National Care Transitions Awareness Day Calls Attention to Transitions of Care Practices

4/12/2019
Efforts to reduce hospital readmissions have increased the focus on care transitions (also referred to as transitions of care), when a patient moves from one healthcare setting to another, such as from a hospital to a long-term care facility, from a skilled nursing facility to home with home health care, or from an inpatient rehabilitation facility to a hospital. Improving care transitions helps prevent patients from having to come back to the hospital soon after discharge.

 
Ten years ago this month, awareness of the high rate of hospital readmissions among people with Medicare became widely recognized with the publication of the New England Journal of Medicine article “Rehospitalizations among Patients in the Medicare Fee-for-Service Program” by Jencks, Williams, & Coleman (2009).  That analysis of Medicare claims data from 2003-2004 found that 19.6% of Medicare fee-for-service beneficiaries discharged from an acute care hospital were readmitted to the same or another hospital within 30 days. Additionally, there was substantial variation in the readmission rates across states, ranging from 13.3% in Idaho to 22.0% in Maryland. That finding suggested that there were excess avoidable readmissions in states with high readmission rates.
 
The Affordable Care Act (ACA), which was passed a year later, included the Hospital Readmissions Reduction Program, which currently reduces reimbursement for all Medicare fee-for-service admissions to hospitals with excess readmission rates for discharges in any of six conditions (acute myocardial infarction, pneumonia, congestive heart failure, chronic obstructive pulmonary disease, hip/knee replacement, and coronary artery bypass grafting). Shortly after the passage of the ACA, and before the readmission penalty went into effect, readmission rates began to fall (Zuckerman, Sheingold, Orav, Ruhter, & Epstein, 2016), but nationally the readmission rate has decreased by just over one percentage point since then, from 19.7% during 2010 to 18.5% through mid-2018 (Quality Insights Quality Innovation Network, 2019).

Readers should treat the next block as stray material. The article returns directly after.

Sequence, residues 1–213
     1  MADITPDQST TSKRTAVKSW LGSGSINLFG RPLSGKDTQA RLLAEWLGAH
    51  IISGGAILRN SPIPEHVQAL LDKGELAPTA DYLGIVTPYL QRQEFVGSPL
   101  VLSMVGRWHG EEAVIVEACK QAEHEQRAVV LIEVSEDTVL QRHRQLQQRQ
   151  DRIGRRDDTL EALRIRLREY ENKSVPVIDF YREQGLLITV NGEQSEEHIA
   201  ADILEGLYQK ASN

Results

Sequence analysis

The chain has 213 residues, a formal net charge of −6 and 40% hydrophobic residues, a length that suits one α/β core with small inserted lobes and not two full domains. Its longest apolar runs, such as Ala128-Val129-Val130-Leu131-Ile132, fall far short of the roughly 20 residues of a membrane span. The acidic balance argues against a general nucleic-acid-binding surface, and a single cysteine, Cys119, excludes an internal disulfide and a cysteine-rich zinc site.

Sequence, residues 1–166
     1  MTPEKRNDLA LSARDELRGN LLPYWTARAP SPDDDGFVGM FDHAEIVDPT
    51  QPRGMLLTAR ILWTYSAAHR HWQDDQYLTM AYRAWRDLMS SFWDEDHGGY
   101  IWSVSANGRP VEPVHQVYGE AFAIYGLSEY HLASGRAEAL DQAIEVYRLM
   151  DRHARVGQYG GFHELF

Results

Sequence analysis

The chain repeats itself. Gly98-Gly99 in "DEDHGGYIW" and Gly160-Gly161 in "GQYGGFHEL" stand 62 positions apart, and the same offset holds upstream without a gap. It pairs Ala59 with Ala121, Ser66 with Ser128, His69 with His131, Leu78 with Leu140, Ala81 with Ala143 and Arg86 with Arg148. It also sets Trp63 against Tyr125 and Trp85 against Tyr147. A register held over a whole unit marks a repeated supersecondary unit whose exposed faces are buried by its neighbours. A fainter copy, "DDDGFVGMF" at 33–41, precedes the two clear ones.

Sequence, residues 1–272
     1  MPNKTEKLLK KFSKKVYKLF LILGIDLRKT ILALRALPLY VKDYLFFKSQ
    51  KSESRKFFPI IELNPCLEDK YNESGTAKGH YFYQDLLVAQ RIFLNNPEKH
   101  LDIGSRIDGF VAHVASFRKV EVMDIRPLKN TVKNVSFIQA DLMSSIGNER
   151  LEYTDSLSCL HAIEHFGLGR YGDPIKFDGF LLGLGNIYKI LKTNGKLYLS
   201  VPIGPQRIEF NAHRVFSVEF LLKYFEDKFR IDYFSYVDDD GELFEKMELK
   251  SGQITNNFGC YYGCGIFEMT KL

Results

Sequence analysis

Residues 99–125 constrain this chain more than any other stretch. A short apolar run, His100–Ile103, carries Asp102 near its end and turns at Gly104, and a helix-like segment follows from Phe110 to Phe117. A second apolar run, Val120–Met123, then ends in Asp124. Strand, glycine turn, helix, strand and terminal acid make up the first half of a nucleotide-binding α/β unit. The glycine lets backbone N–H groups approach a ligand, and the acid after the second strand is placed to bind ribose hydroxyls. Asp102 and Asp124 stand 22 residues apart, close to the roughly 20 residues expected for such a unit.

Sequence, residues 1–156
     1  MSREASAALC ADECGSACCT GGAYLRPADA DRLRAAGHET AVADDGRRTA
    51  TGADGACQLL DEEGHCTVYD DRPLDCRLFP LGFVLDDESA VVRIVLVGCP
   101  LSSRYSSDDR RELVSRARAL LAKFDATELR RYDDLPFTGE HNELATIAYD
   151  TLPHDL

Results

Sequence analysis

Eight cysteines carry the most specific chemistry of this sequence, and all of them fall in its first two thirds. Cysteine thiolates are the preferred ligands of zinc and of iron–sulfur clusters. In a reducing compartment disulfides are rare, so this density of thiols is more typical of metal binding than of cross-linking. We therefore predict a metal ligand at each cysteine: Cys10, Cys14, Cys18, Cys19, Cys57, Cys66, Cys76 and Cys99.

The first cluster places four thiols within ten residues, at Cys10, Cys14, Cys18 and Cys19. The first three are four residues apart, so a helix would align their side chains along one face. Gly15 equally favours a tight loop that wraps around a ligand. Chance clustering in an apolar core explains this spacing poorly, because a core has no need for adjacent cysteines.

Unfortunately, the American healthcare system is generally not strong in providing the components that produce good care transitions. Areas in which there are opportunities for improvement include:
  • Comprehensive and timely discharge planning that addresses patient needs during the post-acute care period
  • Improved communication between providers at different settings, such as phone calls between nurses and/or physicians at sending and receiving facilities at the time of transfer
  • Improved interoperability of EHRs to allow better to access to information about care received by the patient in the previous setting
  • Better education of patients and family caregivers about their medical condition(s) and what they need to do to keep themselves as healthy as possible, along with more engagement of patients/families in managing their chronic conditions
  • Improved medication reconciliation (and medication management in general, such as reducing polypharmacy when appropriate)
  • Addressing end-of-life planning and patient wishes
 
The Centers for Medicare & Medicaid Services has designated Tuesday, April 16, 2019 as the 1st annual National Care Transitions Awareness Day in order to bring more attention to the importance and value of safe and effective care transitions and care coordination. Please use that day and the week of April 15-19 to examine what you and your organization can do to improve care transitions and prevent hospitalizations of your patients. The goal is not zero readmissions, but better care transitions that lead to fewer hospitalizations and better quality of life for patients. If you would like to share initiatives that you have undertaken to improve care transitions or would like assistance in implementing interventions, please feel free to contact Quality Insights’ Care Coordination Network Task Lead, Dr. Andy Miller at andy.miller@area-j.hcqis.org.

Jencks, Stephen F, Williams, Mark V, and Coleman, Eric A.  “Rehospitalizations among Patients in the Medicare Fee-for-Service Program.” New England Journal of Medicine. 360:1418-1428.  2 April 2009.
 
Zuckerman Rachel B, Sheingold, Steven H, Orav, John, Ruhter, Joel, & Epstein, Arnold M. “Readmissions, Observation, and the Hospital Readmissions Reduction Program.” New England Journal of Medicine. 374:1543-1551. 21 April, 2016.
 
Quality Insights Quality Innovation Network Scorecard. Prepared by Telligen, the Quality Innovation Network National Coordinating Center, under contract with the Centers for Medicare & Medicaid Services (CMS), an agency of the U. S. Department of Health and Human Services. Data available upon request. 2019.